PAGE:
It is said, the provisions of the registry law which provide the mode of appointment of the officers of registration, and authorize them to determine the qualifications of voters, with the test oath, are contrary to the bill of rights and the constitution of Maryland. The first branch of this objection, as to the mode of appointment, was not pressed. It is sufficient to say, there does not appear to the court any infringement in this respect of the 13th section. of the 2d article of the constitution, defining the appointing power of the governor, namely, "he shall nominate, and by and with the advice and consent of the senate, appoint all civil and military officers of the state, whose appointment or election is not otherwise herein provided for, unless a different mode of appointment be prescribed by the law creating the office." The act in question, creating the office, does prescribe a different mode of appointment. Where the office is of legislative creation, the legislature can modify, control or abolish it, and within these powers is embraced the right to change the mode of appointment. Davis v. State, 7 Md. 161.

(States' rights to regulate the elective franchise.)

As to the supposed conflict between the constitution of Maryland and the bill of rights, as it is called, such a collision can scarcely occur, according to the accepted theory of the relation between these instruments. In representative constitutional governments, they are understood to be parts of a whole, constituting an entirety, and to be interpreted as one instrument; the declaration of rights is an enumeration of abstract principles (or designed to be so), and the constitution, the practical application of those principles, modified by the exigencies of the time or circumstances of the country. "If they differ, the constitution must be taken as a limitation of the principle previously declared, according to the subject and the language employed." Mayor and Common Council of Baltimore v. State, 15 Md. 459. The declaration of rights is a guide to the several departments of government, in questions of doubt as to the meaning of the constitution, and "a guard against any extravagant or undue extension of power," but does not control the constitution itself, when it is clear and unambiguous. As far then as the registration law is a legislative enactment of the 1st, 2d, 3d, 4th and 5th sections of the first article of the constitution, it is not restrained by the declaration of rights, because it proceeds from the same authority, that of the convention.

The perpetual and irrevocable character of these disqualifications has been dwelt upon; we have said that such consideration is beyond our reach, but, happily, the duration of such clauses is more nominal than real; provisions equally perpetual in terms have passed away with the exigency that dictated them. There is a redeeming sense of justice in the people, which may well be trusted, to remove, in the mode prescribed by the constitution, all traces of temporary excitement which prejudice their fellow-citizens.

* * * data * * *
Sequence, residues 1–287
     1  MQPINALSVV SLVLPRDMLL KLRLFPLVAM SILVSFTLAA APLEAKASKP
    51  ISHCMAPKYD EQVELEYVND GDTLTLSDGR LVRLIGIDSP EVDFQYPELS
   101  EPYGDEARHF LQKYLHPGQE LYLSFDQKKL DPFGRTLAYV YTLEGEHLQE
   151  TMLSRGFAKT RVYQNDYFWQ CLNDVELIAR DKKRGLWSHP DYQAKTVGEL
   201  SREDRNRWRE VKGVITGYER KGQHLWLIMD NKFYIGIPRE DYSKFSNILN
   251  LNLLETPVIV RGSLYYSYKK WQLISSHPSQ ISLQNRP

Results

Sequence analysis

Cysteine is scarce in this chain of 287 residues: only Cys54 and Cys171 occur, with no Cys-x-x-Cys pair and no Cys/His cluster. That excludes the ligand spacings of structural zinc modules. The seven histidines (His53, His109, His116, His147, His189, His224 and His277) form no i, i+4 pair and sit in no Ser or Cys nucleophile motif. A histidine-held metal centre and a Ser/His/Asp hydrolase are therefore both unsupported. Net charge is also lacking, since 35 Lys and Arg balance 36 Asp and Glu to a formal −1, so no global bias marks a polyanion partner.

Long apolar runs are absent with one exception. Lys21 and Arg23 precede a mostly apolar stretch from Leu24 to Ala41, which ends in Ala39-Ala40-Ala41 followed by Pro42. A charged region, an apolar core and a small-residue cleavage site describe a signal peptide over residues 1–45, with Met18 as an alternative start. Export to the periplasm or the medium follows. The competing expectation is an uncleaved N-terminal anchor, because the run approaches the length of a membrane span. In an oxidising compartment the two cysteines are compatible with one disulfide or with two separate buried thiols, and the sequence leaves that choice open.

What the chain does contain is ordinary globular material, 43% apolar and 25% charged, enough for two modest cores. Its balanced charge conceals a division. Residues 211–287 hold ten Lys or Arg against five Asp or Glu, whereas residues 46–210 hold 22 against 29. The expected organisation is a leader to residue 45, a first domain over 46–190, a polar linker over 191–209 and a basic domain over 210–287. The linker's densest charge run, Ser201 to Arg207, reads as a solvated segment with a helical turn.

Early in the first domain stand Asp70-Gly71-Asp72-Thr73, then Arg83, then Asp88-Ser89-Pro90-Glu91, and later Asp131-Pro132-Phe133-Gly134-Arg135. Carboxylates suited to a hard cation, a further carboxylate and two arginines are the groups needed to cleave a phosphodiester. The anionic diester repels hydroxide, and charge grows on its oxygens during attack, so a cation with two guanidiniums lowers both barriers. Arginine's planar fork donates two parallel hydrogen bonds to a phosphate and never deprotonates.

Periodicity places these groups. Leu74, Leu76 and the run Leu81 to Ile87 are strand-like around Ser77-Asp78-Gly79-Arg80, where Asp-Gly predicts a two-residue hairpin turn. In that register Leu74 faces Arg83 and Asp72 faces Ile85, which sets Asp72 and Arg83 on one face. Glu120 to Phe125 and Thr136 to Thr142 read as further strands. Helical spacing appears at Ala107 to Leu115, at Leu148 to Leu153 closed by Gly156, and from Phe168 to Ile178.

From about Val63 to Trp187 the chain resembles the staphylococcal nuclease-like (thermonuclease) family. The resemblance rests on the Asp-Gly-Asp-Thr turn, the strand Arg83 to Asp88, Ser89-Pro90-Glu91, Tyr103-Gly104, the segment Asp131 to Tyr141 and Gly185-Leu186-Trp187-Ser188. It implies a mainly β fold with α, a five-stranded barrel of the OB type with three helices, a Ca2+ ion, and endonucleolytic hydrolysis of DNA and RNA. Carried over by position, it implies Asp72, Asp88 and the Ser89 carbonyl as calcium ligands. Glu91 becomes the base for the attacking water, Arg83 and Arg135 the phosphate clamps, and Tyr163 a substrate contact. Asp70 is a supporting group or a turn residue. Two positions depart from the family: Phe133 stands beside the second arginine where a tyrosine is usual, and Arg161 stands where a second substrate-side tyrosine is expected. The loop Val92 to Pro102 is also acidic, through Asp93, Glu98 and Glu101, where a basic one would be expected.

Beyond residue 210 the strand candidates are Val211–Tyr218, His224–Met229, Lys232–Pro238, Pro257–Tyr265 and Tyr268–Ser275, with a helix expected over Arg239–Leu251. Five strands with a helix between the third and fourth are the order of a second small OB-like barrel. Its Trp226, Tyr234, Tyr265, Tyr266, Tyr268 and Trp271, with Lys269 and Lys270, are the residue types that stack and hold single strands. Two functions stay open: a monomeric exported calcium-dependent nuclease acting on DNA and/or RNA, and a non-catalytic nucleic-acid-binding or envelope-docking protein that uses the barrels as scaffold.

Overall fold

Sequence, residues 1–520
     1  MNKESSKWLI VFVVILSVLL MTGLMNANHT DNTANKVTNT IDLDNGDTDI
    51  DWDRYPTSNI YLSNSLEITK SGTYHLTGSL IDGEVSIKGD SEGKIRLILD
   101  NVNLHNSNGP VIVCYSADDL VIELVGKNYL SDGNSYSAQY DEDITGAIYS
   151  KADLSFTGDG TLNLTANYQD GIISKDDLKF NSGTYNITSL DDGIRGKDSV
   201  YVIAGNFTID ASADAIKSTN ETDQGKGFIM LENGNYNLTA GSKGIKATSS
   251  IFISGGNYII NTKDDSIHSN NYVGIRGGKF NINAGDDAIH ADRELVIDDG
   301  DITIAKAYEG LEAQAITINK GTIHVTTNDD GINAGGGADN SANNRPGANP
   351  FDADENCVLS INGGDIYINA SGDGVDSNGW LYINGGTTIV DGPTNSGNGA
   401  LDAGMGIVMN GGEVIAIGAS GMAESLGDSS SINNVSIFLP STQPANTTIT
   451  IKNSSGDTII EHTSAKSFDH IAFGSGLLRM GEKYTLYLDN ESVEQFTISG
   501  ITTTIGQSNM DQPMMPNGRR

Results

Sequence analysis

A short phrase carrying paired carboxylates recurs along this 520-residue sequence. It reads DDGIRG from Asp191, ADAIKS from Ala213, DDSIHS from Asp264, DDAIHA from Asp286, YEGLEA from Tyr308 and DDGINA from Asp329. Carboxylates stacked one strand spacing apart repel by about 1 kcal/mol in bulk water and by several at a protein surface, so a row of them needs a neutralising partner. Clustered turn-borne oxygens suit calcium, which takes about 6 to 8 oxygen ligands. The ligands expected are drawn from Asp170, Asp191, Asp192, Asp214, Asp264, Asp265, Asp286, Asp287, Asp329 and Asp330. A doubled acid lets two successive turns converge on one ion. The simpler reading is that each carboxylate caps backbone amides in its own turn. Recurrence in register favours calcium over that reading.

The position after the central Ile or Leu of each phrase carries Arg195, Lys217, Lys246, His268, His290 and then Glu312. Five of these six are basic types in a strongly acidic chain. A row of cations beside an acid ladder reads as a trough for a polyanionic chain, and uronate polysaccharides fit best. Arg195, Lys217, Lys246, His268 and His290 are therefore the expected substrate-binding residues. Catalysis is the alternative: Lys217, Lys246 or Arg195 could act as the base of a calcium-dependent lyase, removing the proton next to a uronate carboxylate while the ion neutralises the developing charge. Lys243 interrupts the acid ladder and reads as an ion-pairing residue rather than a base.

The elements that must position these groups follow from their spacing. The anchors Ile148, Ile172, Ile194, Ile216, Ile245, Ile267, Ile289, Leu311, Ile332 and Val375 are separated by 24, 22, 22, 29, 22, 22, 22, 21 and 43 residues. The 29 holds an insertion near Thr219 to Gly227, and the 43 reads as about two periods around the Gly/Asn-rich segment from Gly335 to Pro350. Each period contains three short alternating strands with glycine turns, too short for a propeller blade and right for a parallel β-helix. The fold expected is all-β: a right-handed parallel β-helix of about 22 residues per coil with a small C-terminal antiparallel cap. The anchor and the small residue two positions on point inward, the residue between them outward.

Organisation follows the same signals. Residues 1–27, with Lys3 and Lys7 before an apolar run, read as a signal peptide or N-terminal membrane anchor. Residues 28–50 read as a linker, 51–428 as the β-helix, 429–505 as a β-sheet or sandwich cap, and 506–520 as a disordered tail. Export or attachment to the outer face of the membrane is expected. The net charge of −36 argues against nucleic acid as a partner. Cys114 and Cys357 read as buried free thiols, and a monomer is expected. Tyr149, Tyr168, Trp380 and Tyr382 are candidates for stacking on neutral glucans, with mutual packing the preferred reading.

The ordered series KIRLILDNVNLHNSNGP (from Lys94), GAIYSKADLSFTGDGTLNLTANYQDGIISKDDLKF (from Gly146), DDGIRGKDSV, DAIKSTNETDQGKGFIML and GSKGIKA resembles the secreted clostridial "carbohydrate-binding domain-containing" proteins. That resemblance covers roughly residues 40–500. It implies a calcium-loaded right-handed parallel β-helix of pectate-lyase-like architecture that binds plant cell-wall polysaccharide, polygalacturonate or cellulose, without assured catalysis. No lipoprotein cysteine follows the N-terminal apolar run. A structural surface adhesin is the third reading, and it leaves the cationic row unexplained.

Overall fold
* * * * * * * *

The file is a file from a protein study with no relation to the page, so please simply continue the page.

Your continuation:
We are reminded of our solemn obligations to support the federal constitution, and yet urged to come to conclusions which would prevent all further deliberation and

(States' rights to regulate the elective franchise.) investigation in the court of last resort. To adopt such a course, with our convictions, would be contrary to the best-established principles and precedents. To declare an act of a co-ordinate department of the government an unwarrantable assumption or usurpation of power, because it is a violation of a constitutional prohibition, is an exercise of the judicial office of a grave and delicate nature, which can never be warranted but in a clear case. 12 Gill & Johns. 438. "The presumption must always be in favor of the validity of laws, if the contrary is not clearly demonstrated." Washington, J. "It must be a clear and unequivocal breach of the constitution, not a doubtful and argumentative implication." 15 Md. 476-7. These axioms were applied to acts of ordinary legislation; the ultimate object of this appeal is, to annul the organic law of the state, the act of a sovereign convention, under which its present government is organized, and from which it derives its existence and authority. Our province is not to make or unmake constitutions, but to interpret them; not by the light of reason and common sense alone, or that higher law which has been invoked, but which has no oracle, but by the text of the constitution of the United States, as construed by its authorized expounders.

If we err in our conclusions, we congratulate ourselves, there is a supreme court erected expressly for the final adjudication of such questions, where our judgment may be reviewed and corrected, and the rights of the citizen vindicated. To this we cheerfully defer, confident that none will more cordially concur in the result.

Judgment affirmed.

BARTOL, J., dissented.

The exclusive right of the several states to regulate the exercise of the elective franchise and to prescribe the qualifications of voters, was never questioned, nor attempted to be interfered with, until the 15th amendment to the constitution of the United States was forced upon unwilling communities (the states then lately in rebellion), by the military power of the general government, and thus made a part of our organic law; a